Michael has moved four times in ten years. He’s starting his new school, a private Catholic school, a month and a half into his junior year. He’s never believed in any god, but his father’s boss got him into St. Clare’s, the best private school in the area. He figures it will be terrible—after all, he’s an atheist—but is quickly proven wrong when he meets Lucy and her friends, an eclectic group of kids who all have their own reasons for not quite fitting in at school. Outspoken Colombian American feminist Lucy, whom Michael initially mistakes as a fellow atheist, wants to be a priest and has many thoughts on how and why the church should grow and change. Avi is Jewish and gay. Korean American Max is a Unitarian who just wants to be able to wear a cape to school. Eden is a Wiccan—well, actually, she’s a Celtic Reconstructionist Polytheist. Even though Michael is an apostate, and not technically a heretic, he’s invited into their group, Heretics Anonymous, which is basically a support group serving as a place to air their grievances about school. It doesn’t take Michael long to feel the group should do something more, go public, figure out how they can make things better for everyone at school. They “fix” the sex ed video, challenge the dress code, and begin to leave their mark (literally) all over the school. But shaking things up and starting dialogues has consequences, and soon security cameras are popping up and innocent classmates are getting accused of these pranks. Things spiral out of control, causing HA to go on hiatus, but when Michael’s personal life becomes stressful, he pushes things at school too far and stands to lose all that good that has come out of landing in this most ill-fitting place.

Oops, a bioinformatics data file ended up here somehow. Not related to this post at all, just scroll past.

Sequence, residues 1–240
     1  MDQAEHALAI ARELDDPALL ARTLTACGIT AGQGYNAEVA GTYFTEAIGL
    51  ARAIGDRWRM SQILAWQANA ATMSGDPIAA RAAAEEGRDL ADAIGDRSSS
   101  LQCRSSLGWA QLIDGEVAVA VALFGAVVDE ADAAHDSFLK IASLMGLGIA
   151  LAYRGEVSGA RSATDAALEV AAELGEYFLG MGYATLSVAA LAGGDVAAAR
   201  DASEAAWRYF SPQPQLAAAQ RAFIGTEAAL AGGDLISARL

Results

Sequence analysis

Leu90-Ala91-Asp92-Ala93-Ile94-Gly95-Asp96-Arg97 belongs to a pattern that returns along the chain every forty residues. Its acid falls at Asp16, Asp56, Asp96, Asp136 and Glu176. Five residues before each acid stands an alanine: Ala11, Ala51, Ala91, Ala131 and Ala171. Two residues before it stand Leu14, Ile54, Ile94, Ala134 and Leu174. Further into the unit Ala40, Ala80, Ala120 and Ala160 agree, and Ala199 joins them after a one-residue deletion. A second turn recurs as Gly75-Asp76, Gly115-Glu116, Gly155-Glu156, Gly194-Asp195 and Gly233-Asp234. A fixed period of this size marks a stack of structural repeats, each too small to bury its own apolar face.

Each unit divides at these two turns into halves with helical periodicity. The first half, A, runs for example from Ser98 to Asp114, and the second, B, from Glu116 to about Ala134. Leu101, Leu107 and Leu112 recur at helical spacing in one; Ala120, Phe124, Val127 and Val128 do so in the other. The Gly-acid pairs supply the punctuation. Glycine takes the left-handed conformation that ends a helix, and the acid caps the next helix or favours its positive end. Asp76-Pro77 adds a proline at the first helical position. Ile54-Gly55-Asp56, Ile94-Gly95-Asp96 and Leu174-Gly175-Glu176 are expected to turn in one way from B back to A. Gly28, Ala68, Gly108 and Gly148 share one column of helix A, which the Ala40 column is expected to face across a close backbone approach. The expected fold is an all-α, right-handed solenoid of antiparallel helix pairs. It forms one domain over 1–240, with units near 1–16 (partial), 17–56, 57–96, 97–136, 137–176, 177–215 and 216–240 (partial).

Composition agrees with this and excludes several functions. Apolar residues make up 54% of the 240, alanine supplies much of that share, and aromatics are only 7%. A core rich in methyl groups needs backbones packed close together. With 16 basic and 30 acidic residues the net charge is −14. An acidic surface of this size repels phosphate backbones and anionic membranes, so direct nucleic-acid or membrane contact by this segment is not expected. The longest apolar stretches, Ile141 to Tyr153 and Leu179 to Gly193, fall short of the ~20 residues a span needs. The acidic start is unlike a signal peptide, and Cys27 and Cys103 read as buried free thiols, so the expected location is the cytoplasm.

I enjoyed that Michael and his friends all came from different backgrounds but worked to understand each other, even as they made mistakes and disagreed over big ideas. This isn’t some story where Michael sees the error of his ways and finds religion, but he does start to understand that God and faith is maybe far more complicated than he had previously thought. Michael may not believe in any god, but he does believe in plenty of other things that are meaningful. At its heart, this is a story about friendship, respect, beliefs, acceptance, and differences, but it’s also a very amusing look at a subversive secret society determined to bring about change and expose hypocrisy. Excellent dialogue and genuine character growth make this layered look at religion sparkle. A great recommendation for those who like their deep subjects peppered with humor. I look forward to more from this author. 

 

 

Review copy courtesy of the publisher and Edelweiss

ISBN-13: 9780062698872
Publisher: HarperCollins Publishers
Publication date: 08/07/2018